In an effort to close New Jersey's yawning budget deficit of more than $10 billion, legislators have passed a bill that would legalize online gambling based out of Atlantic City's 11 casinos on the New Jersey shore. Fox News reports that more than $25 billion is bet each year on websites run offshore, with $6 billion of that attributed to United States residents, despite a federal law forbidding it.
Under the proposed law players would have to prove that they are New Jersey residents prior to gambling online legally. The money would then be collected by the casinos, who in turn pay taxes to the state of New Jersey. Potential profits for the casinos could be more than $300 million each year, while New Jersey could collect $28 million.
More importantly, opening up a new business opportunity could mean hundreds or even thousands of new jobs at a time when unemployment concerns have continued to linger in the Garden State.
Caeser's Entertainment, a national gaming company with casinos in New Jersey as well as Las Vegas, Nevada and other states, hopes that this is a sign that the rest of the country will want to ante up for online gaming, though concerns about oversight within and outside of the United States remain.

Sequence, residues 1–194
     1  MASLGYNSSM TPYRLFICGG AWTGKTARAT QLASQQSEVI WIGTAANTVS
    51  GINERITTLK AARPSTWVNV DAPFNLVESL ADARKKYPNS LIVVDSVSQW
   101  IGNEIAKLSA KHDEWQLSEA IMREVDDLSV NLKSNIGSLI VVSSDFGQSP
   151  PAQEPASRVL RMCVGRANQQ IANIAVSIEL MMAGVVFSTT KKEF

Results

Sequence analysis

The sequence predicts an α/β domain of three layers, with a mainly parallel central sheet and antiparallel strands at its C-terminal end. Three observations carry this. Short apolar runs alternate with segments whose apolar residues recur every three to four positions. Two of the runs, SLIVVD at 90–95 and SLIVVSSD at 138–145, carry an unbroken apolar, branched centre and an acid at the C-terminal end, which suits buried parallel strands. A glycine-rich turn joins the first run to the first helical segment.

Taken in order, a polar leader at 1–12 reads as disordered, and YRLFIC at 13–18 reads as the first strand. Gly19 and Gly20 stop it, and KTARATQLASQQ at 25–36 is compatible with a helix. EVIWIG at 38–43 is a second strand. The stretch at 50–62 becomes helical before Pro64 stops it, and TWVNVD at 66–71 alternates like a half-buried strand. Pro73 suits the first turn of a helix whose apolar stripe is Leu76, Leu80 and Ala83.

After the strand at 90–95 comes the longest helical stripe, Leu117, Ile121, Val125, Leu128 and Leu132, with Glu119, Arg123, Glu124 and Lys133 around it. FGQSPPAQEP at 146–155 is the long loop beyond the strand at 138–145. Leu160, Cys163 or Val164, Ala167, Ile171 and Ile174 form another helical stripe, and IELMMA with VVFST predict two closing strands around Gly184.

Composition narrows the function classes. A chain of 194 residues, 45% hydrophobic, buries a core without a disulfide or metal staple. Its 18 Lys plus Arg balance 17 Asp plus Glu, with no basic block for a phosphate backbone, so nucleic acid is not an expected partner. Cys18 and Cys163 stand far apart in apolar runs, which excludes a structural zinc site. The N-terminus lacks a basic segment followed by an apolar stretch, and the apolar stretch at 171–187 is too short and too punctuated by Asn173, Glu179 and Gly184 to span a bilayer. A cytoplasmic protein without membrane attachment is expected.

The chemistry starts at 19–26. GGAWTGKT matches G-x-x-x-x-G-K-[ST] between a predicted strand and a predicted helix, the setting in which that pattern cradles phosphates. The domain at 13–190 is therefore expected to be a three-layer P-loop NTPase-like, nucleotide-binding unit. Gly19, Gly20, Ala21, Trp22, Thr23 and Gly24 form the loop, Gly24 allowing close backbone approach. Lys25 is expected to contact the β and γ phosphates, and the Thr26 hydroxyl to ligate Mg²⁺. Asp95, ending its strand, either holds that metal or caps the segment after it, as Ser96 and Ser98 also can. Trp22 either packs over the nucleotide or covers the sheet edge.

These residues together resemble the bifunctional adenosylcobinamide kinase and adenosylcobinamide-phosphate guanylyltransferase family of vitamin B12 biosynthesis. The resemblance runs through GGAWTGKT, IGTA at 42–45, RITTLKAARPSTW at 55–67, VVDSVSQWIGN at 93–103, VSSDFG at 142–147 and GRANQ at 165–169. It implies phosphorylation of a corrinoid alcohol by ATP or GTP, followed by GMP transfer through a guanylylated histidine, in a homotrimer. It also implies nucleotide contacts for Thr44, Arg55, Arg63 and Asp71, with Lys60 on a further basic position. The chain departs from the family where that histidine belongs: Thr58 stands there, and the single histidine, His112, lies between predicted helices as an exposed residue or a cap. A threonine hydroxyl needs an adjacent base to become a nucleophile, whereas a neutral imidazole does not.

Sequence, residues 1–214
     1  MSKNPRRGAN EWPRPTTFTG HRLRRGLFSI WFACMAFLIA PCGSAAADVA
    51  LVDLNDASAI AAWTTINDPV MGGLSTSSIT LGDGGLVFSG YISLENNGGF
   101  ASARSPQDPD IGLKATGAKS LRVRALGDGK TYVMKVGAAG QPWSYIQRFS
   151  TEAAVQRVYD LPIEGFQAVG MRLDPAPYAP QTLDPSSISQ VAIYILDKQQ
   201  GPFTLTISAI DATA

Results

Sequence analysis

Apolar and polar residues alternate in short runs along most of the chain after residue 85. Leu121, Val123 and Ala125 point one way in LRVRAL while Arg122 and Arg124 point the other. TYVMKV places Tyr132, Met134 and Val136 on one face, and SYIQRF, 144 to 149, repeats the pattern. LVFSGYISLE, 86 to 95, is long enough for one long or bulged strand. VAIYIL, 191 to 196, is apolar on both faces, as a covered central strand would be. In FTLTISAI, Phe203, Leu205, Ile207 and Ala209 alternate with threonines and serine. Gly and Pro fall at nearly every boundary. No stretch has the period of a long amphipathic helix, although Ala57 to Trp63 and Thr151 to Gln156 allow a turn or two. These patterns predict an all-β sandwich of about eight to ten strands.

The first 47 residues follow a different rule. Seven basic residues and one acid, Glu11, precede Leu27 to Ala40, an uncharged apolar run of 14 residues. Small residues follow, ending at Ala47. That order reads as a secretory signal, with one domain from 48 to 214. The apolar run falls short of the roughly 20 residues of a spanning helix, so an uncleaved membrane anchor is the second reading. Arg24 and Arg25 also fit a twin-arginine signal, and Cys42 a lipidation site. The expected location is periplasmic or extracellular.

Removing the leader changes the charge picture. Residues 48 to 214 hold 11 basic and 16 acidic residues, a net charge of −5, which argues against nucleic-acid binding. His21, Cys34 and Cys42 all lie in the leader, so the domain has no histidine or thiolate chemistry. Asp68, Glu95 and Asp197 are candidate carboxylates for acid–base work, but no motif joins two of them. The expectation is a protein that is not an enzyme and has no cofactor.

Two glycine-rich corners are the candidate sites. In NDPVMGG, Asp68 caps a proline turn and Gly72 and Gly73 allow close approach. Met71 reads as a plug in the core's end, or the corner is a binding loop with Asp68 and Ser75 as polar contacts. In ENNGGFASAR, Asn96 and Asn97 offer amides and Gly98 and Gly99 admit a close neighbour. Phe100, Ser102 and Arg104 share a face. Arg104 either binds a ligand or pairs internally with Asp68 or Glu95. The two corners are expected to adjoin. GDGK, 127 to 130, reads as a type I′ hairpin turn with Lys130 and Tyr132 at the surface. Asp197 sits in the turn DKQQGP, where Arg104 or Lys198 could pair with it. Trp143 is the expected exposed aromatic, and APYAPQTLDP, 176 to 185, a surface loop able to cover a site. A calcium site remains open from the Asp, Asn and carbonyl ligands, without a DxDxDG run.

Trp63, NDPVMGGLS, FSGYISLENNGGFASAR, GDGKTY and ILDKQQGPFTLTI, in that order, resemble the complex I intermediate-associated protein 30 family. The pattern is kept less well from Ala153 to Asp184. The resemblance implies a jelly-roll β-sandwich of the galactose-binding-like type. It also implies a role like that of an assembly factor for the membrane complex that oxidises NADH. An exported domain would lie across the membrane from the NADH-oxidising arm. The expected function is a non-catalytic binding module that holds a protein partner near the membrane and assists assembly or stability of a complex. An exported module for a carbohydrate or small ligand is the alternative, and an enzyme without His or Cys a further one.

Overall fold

Jan Jones Blackhurst, Caeser's senior vice president of corporate communications and government relations pointed out, "Even if all the states move to pass laws, you still have not fixed the problem that you have a huge industry operating outside U.S. law with no consumer protections or oversight."
Hopefully the presence of legalized online gaming with all of the consumer protections and oversight that the heavily regulated industry currently has in place will make it an attractive alternative to offshore online gambling. After all, it is one thing to gamble on a game that you know is fair, while it is another to gamble on playing a game that may be fixed or, worse, one that is hosted by a company with no intentions of ever paying out the monies won by its players.
Even if the law is passed however, it remains to be seen if it will be overridden by federal law, or if it could help New Jersey to differentiate itself amongst the rest of the country.
- online gambling
- Atlantic City
- senior vice president
- budget deficit